Environment Minister David Parker and Agriculture Minister Damien O’Connor made the announcement at Ophir Hall close to the Historic Ophir Bridge over the Manuherekia River.
“Working with the community, we are fulfilling the Government’s promise to stop the degradation of our waterways, make measurable improvements within five years and return them to health in a generation,” Parker said.
Parker says the Manuherekia catchment is vitally important to the people of Central Otago.
“The Manuherekia rises in the Hawkdun ranges and flows through some of New Zealand’s most stunning landscapes that inspired the paintings of Grahame Sydney and the poems of Brian Turner,” Parker said.
“It provides water for farming, viticulture and horticulture. It is also a popular place for people to swim, kayak and fish.
“However, the river is under pressure, with water quality declining and over-allocation of water reducing the minimum flow needed for ecological processes, such as providing habitat for wildlife, and for recreational use.”
The At-Risk Catchment programme provides $12 million over four years, including to the three exemplar catchments that have been announced: Kaipara Moana, Te Hoiere/Pelorus and now, the Manuherekia.
The Government is working with the Central Otago community, along with Treaty partner Ngāi Tahu, to lead the work to help improve the health of the river. This work complements the Government’s Essential Freshwater plan.
“We will work with farmers and others in the community to help understand what can make the greatest difference and then what interventions to take. The lessons learned from exemplar catchments like Manuherekia can then be passed onto others,” Parker said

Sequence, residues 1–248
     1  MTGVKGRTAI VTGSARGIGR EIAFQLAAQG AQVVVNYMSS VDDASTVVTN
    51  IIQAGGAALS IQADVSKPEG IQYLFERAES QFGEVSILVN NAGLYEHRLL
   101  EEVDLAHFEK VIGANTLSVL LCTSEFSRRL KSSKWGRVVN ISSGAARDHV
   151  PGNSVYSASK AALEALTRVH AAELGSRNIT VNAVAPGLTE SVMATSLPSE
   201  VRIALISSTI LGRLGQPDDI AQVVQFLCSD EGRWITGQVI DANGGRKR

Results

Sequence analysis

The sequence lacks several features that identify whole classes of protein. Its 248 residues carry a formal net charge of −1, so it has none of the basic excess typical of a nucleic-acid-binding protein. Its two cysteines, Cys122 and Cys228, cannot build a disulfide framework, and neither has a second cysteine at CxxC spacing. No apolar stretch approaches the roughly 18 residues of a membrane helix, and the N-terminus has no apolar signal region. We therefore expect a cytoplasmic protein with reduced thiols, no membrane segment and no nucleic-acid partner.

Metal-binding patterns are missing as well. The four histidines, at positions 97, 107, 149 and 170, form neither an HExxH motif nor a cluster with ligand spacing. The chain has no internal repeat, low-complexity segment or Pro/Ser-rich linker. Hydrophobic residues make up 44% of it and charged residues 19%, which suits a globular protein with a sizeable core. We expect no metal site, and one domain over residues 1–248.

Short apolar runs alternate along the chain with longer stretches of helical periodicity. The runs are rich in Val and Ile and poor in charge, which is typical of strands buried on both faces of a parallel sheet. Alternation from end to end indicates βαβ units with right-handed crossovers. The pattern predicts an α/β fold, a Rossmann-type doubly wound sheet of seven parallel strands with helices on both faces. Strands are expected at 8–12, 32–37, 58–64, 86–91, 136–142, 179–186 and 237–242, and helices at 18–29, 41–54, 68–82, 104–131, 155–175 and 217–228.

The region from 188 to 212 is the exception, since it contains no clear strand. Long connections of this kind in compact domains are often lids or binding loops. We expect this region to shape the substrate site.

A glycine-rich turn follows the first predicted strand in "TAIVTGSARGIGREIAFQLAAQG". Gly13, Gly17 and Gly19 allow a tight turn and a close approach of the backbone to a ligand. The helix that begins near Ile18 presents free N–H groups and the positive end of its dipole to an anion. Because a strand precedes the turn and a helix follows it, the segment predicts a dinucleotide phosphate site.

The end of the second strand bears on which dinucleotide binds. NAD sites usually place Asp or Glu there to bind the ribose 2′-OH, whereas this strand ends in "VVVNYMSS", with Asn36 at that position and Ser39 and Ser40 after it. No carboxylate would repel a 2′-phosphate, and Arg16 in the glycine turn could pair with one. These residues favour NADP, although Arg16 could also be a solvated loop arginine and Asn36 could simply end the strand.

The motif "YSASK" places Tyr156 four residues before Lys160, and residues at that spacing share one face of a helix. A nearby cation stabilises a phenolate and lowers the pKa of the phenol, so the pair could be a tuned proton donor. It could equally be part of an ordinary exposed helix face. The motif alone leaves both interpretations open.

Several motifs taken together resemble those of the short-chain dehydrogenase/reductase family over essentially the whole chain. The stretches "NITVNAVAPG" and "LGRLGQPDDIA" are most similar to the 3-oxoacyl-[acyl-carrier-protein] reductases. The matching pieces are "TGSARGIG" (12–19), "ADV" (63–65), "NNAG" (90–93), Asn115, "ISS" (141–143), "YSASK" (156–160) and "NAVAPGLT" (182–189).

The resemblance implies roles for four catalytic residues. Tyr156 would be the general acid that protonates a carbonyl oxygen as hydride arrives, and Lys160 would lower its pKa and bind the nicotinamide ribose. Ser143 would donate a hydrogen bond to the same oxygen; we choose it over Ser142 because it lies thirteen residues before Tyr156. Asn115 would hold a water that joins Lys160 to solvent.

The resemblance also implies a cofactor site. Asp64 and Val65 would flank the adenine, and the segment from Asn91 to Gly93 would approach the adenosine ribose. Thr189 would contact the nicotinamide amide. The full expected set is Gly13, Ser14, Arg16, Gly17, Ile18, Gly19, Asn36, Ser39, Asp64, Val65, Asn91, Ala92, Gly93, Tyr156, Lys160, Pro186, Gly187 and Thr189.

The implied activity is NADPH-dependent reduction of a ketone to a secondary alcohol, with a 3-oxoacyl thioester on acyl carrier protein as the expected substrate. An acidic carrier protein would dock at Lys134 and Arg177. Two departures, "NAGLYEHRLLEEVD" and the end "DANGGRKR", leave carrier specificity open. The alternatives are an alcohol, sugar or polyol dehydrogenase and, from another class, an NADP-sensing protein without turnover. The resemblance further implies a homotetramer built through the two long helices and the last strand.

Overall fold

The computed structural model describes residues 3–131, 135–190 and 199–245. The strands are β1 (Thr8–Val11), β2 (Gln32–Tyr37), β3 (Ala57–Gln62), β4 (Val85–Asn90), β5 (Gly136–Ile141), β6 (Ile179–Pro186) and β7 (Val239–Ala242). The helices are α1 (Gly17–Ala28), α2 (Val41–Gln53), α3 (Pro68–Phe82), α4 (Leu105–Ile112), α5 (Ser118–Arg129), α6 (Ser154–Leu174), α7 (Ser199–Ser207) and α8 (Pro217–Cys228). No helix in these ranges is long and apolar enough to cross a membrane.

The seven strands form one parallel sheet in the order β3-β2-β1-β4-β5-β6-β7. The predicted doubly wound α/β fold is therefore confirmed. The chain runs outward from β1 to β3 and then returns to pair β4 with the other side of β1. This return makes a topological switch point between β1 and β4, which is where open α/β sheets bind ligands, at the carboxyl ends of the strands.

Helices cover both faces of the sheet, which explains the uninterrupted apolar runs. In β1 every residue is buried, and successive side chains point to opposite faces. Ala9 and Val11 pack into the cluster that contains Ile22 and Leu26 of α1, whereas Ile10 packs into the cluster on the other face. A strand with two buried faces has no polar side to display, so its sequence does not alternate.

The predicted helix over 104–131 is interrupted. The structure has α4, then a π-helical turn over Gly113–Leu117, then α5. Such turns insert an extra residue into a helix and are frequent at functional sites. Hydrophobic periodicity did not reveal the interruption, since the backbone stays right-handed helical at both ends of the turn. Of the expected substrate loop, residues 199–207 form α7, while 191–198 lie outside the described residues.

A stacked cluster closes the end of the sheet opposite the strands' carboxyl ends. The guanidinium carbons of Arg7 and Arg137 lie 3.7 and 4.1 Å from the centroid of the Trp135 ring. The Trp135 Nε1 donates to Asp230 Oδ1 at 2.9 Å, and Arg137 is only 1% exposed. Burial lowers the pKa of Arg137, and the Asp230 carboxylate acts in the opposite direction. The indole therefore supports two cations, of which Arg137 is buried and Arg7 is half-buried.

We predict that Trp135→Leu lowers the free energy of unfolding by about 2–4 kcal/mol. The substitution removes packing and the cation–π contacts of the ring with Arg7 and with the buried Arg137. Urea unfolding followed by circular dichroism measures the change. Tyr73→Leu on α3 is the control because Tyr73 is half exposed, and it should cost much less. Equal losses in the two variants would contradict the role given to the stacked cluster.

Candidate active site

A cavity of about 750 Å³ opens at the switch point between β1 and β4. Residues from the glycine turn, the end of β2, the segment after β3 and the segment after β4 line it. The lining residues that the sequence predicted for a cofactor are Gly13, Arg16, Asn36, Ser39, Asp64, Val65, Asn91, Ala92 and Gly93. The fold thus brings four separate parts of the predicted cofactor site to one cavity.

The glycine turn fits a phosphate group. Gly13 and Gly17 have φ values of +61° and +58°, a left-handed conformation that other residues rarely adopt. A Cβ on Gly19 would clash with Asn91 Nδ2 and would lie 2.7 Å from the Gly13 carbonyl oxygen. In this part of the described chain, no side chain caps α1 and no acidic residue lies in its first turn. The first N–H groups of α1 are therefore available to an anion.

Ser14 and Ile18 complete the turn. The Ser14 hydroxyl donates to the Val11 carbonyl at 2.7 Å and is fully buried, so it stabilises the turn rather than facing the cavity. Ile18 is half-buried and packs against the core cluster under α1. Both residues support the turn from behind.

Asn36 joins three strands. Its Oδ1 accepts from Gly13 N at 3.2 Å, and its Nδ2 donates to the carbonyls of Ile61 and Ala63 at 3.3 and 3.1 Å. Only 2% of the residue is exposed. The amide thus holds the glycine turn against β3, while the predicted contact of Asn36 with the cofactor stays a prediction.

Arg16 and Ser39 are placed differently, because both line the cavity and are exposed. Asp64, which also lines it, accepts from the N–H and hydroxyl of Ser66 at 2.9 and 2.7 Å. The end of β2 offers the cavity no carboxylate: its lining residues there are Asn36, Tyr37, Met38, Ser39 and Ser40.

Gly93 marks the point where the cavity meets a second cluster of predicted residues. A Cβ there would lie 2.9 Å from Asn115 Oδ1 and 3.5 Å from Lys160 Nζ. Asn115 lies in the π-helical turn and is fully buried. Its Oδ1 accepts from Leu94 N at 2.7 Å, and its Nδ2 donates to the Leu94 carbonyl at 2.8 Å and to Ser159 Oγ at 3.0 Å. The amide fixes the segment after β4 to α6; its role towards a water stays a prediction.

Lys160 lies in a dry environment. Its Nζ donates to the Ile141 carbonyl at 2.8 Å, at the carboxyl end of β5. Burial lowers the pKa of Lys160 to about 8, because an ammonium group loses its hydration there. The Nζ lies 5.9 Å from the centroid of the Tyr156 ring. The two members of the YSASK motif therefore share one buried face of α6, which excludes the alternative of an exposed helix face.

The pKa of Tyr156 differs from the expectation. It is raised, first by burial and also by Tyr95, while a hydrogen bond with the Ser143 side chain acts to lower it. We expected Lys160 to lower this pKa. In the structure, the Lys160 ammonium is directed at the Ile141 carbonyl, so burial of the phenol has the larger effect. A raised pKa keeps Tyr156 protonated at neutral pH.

The plan will give councils national direction on freshwater standards, put in place measures to improve land use, such as controlling poor winter grazing practices, and give guidance on the preservation of highly productive land and urban development.
Two initial projects are being developed that will provide a starting point for the work that needs to be done by the community.
This includes a 15 kilometre riparian planting, fencing and wetland restoration project in Thomson’s Creek and an assessment of the fish passage and barriers for native galaxiids.
The second project will improve the knowledge of the mahinga kai and biodiversity values in the catchment to support further restoration work that will use complementary innovative and traditional technologies.
“We are continuing to roll out our plan to clean up waterways. What we learn with Manuherekia will add to the knowledge gained from the Kaipara and Pelorus catchments,” Parker said.
“This is about everyone coming together to stop the degradation and undo the damage of the past.
“Every New Zealander should be able to go down to our local river in summer for a swim and put our head under without getting sick.”